Review

I think this is the first time I've ever read a novel that centers around Spiritualism. Since this was the case, I have to admit that I was looking forward to reading it based on the premise. However, I felt that this novel fell a bit short on its promise.

I have mixed feelings about our protagonists. Kate, Asher, and Elsie get fairly equal amounts of screen time, so they're pretty well developed characters. However, I thought their individual developments could've benefited from some flashbacks. We're told about their pasts in tidbits, in particular about Elsie's unique condition, but these pieces are never expanded later on. I wanted to know more about the art tutor Elsie once loved, the relationship between Asher and his father, and how becoming an orphan affected Kate. Since the brief pieces of their past aren't elaborated on, I thought this was a big loss, as this information could've made these somewhat interesting characters even more so.

Much like previous books I've reviewed, this narrative follows a different character in each chapter. This was fine, but the problem I had with this structure was that there would be switches of the narrative within individual chapters. These sudden changes felt jolting and disorienting because of the switches of character and situation. I felt that this would've been better handled if each chapter just followed one character at a time.

Normally I take my time reading books because I like to savor them, if you will. This was a rare instance where I wish I had rushed through the book instead. The pacing felt very, very slow throughout the whole novel. There were a few sections that I wish hadn't meandered so much, and these made the plot seem to drag out more than necessary. Unfortunately, the prose didn't do anything to help this problem either. It wasn't horrible, but at times it didn't make for smooth reading.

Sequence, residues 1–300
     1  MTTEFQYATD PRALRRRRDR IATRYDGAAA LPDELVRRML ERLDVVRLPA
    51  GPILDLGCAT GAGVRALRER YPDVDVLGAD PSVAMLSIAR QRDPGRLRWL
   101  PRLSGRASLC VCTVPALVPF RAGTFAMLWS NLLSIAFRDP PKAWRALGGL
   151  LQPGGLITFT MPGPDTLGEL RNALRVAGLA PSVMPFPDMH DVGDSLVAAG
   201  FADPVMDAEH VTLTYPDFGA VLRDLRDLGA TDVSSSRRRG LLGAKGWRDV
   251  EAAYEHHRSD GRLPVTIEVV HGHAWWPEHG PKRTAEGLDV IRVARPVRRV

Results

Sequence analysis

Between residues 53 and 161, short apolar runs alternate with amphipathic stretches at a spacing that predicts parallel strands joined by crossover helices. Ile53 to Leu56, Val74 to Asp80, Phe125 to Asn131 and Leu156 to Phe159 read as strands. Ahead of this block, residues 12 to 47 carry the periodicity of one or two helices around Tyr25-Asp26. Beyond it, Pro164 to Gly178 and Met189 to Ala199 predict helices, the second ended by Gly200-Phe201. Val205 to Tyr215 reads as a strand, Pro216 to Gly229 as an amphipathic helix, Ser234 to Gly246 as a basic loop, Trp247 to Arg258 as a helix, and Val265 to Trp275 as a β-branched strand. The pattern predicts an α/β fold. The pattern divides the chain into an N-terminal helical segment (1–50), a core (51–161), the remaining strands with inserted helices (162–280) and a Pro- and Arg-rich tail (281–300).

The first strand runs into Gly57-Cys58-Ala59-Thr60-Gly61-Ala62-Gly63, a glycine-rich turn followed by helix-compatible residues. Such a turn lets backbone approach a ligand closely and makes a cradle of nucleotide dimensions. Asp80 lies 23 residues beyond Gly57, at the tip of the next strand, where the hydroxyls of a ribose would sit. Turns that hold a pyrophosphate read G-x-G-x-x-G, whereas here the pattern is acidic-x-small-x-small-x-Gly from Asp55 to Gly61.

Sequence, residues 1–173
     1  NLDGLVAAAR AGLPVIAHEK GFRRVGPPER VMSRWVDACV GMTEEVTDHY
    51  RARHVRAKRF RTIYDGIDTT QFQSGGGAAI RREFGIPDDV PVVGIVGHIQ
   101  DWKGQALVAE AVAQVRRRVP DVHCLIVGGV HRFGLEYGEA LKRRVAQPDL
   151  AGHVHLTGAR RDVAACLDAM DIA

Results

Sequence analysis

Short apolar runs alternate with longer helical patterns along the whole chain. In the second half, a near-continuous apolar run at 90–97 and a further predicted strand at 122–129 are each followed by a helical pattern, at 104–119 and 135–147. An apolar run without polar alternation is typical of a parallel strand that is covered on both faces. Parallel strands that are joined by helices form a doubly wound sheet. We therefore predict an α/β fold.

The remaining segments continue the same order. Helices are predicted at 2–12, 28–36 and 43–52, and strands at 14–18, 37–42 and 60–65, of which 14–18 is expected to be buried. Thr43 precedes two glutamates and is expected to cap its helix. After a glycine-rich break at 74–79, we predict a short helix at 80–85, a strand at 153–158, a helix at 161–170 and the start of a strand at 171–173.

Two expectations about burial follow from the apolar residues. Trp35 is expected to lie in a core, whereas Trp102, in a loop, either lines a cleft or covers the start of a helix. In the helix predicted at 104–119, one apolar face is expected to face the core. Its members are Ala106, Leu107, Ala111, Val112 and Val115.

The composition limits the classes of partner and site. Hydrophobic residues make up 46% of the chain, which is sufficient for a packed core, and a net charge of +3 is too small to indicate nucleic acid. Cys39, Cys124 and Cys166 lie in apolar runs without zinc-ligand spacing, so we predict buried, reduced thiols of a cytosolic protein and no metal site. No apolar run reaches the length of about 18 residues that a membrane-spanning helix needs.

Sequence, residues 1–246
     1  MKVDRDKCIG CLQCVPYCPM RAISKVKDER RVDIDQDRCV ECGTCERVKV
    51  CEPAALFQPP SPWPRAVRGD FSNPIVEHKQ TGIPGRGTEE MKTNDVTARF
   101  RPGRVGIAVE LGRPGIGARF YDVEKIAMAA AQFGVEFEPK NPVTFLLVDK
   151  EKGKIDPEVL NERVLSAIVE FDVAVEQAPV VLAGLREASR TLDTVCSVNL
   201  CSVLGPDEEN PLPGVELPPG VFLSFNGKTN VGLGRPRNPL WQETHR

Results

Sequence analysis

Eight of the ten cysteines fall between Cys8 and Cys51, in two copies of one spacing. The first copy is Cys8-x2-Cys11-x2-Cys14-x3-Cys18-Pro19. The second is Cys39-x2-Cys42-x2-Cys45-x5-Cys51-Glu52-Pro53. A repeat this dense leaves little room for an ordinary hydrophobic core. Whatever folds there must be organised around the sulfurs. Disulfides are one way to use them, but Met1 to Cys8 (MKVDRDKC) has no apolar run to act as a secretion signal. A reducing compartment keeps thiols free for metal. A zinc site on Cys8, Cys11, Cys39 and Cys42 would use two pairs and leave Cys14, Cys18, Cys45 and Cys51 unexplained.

Throughout this book, I felt most invested in the mystery. The way the clues were gradually revealed worked well, and I really liked how the three protagonists discover personal ties with the society of paranormal researchers. Since there were quite a few possible suspects for the murderer, it was actually fun and compelling to see how the trio gathered evidence and figured out who could and couldn't be guilty. I was curious about the nature of the murders and really wanted to know who or what was doing the killing, and the sleuthing moments didn't disappoint.

That being said, the ending left quite a bit to be desired. Once the killer's identity has been revealed, the story skips to a few hours afterwards with the characters discussing the accident that resulted because of said discovery. It honestly felt really anti-climactic for me. I thought this revelation would cause some sort of uproar, but because the character who finds out who the killer decides not to tell everyone the truth, we don't get the full effect of the revelation. I have to admit that I was genuinely shocked at who it turned out to be, but I felt that the motivation was lacking. Even though this novel is a standalone, the last few pages made me think that there would be the possibility of a sequel, or at least some sort of epilogue.